by | Feb 3, 2022

Approximately one in four people suffer from seasonal allergies and this incidence is on the increase. The causes of the increase are not known, and there is a lack of quality symptom data that hampers further understanding.

#BritainBreathing was co-developed with allergy sufferers as the first nationwide citizen science project aiming to track symptoms and location to better understand what factors affect this and why seasonal allergies are on the rise.

The data is being used to build a clearer picture of the pattern and frequency of allergy incidence across the UK, and is being shared with other researchers across the UK for related projects.

The project is a partnership between the Royal Society of Biology, the British Society for Immunology, cross-disciplinary scientists at The University of Manchester, and allergy sufferers from across the UK.

The public are involved in the whole research process, and were instrumental in the design of the app and advising on how to keep people engaged throughout the project.

“My daughter, Hannah, aged 10, asked me to let you know how much she enjoyed the Cheltenham Science Festival and visiting your stand on Saturday. Hannah’s mum suffers badly from hay fever, so the experience gave her a better understanding of why Mum is not her normal self, at this time of year.”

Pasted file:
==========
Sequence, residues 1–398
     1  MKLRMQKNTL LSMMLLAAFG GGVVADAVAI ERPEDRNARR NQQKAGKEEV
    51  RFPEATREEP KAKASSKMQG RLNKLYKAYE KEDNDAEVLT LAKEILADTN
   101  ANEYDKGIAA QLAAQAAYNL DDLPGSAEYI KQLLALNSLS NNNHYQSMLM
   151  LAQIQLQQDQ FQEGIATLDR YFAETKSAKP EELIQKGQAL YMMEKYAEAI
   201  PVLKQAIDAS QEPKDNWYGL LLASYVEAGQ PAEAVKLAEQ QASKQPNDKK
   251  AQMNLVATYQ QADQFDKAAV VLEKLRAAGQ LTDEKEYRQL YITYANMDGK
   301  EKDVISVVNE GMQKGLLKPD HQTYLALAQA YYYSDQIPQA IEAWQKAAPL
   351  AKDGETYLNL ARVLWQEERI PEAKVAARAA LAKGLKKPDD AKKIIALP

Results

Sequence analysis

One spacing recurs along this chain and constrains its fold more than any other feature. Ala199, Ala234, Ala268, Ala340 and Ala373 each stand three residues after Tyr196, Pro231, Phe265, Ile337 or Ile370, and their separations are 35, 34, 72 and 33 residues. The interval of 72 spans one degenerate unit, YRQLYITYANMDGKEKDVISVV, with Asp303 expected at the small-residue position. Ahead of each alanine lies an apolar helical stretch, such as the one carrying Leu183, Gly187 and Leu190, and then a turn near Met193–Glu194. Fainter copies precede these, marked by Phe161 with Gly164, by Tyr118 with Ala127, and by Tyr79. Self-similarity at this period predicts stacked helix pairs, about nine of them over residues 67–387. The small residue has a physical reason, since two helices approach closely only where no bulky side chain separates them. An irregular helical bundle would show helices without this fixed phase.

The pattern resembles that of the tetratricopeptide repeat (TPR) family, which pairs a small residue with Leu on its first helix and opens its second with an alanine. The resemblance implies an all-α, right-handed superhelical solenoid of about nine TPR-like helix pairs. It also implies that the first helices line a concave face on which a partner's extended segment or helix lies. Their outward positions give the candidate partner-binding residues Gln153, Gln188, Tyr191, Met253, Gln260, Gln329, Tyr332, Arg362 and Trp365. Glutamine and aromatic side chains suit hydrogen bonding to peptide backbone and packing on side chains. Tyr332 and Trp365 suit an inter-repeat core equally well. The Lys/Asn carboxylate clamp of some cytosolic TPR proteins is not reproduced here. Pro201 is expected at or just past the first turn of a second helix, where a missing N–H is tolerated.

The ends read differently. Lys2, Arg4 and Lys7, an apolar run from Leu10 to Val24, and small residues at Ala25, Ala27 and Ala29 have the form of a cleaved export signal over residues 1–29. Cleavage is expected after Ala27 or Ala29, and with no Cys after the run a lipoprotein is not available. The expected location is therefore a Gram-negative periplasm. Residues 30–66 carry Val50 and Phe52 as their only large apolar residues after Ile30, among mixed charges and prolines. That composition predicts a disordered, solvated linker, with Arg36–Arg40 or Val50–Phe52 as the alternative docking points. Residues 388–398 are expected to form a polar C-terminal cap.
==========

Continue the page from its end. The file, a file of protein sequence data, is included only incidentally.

Festival visitor

#BritainBreathing has a free-to-use smartphone app that allows the public to record their allergy symptoms in a simple and straightforward way, to help manage their own symptoms.

The app was released in 2016 and the findings from the initial study validating the scientific approach were published in 2017.

The data collection is ongoing and updates on findings are regularly posted on the project website and Twitter feed. This citizen science project is set to go international with a foray into Brazil, meaning even more of us can sneeze for science.